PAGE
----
Both are unanimous about the near future, in which electric transport will completely replace the current fuel engines. Lammers: "I am aiming for vehicles, such as the Lightyear car, that are not dependent on the electricity grid. After all, you already hear about the danger of the electricity grid becoming overloaded. Moreover, in the future we will be sharing the car a lot more, especially in the city where you will see fewer and fewer cars."
Heijnen: "My feeling is that these developments will happen faster than you think. My youngest son, who is 30 years old, lives in London and in his circle of friends nobody has a car. What do you need a car for in London? Besides, I don't think we can yet imagine the systems we'll be using in fifty years."
Lammers: "Research is being conducted into nuclear fusion in Eindhoven. If that continues to develop, everything in the field of energy will be completely different."
After almost two hours the conversation comes to a close. Other mobility competitions were also discussed, such as the Shell Eco-marathon in which Heijnen took part, including one on the famous Hockenheim circuit. There, he remembers, a Swiss team made a nasty mistake. "They were cheating by using fuel from the float chamber instead of from their own tanks. They had just been a little too fanatical, because they came back with more fuel than when they left," laughs Heijnen. The Swiss were logically disqualified.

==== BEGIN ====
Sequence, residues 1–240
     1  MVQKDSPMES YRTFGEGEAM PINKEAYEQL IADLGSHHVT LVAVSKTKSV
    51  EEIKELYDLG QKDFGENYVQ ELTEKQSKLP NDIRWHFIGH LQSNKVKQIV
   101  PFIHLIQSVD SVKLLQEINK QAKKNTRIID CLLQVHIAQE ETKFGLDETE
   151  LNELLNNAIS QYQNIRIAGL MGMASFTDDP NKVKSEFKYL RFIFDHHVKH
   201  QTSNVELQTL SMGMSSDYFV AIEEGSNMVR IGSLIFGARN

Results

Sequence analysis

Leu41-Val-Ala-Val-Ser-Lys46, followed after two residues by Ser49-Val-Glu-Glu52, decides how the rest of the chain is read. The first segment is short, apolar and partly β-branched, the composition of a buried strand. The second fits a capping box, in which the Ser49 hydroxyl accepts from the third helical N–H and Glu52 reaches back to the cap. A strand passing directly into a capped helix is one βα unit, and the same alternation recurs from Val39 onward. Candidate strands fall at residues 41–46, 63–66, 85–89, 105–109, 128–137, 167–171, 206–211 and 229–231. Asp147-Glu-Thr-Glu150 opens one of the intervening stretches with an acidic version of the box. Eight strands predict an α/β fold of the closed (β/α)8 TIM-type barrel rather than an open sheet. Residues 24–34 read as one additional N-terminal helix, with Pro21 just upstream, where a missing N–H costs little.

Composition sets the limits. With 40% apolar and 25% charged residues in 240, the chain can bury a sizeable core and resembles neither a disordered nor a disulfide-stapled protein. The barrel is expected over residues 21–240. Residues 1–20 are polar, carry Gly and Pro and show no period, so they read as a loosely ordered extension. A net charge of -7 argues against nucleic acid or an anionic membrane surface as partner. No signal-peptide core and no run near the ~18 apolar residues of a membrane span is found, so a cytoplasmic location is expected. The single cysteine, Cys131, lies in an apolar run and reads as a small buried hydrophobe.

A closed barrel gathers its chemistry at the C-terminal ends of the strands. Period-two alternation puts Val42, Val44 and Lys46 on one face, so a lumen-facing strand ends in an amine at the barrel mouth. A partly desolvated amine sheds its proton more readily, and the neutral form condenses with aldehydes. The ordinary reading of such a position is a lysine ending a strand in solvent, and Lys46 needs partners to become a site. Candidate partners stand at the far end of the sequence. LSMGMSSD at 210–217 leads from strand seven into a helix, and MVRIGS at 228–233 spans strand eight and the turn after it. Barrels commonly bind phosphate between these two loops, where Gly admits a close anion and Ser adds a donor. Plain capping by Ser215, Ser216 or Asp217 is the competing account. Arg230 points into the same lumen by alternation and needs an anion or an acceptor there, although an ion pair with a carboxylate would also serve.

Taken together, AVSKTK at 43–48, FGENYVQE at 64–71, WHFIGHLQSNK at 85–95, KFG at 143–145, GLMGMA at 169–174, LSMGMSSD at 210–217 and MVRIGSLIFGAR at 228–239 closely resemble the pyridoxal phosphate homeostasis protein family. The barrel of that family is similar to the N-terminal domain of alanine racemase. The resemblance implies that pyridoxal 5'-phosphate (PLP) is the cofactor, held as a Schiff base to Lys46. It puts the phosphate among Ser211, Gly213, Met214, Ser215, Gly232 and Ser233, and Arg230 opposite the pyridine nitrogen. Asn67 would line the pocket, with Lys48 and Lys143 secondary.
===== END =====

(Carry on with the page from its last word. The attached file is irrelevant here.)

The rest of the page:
The enthusiasm with which both Lammers and Heijnen recounted their participation in the aforementioned competitions raises the question of whether this type of initiative should not be organized more often. Both nod in agreement.
Heijnen: "Indeed, more challenges like this should be organized, where youngsters can roll up their sleeves and work on appealing challenges, preferably in competition."
Lammers: "Then the applications of technology also become a lot more concrete. People can then form an image of what you learn at a technology university. It helps make the technology more attractive."
Heijnen: "And that in turn leads to a greater influx of students at TU/e." With a wink: "So maybe TU/e itself can organize these kinds of challenges or competitions? In any case, I enjoyed it immensely at the time!"
Within the TU/e, the necessary research is being done on making our society more sustainable. For example, a year ago a new energy institute was established, the Eindhoven Institute for Renewable Energy Systems (EIRES). This institute conducts research into smart solutions for the storage and conversion of energy and thus contributes, among other things, to making the mobility and transport sector more sustainable.
This article was first published here: https://www.tue.nl/en/our-university/departments/wiskunde-en-informatica/the-department/news-and-events/news-overview/01-01-1970-how-sustainability-races-have-been-bringing-the-energy-efficient-car-of-the-future-closer-for-40-years/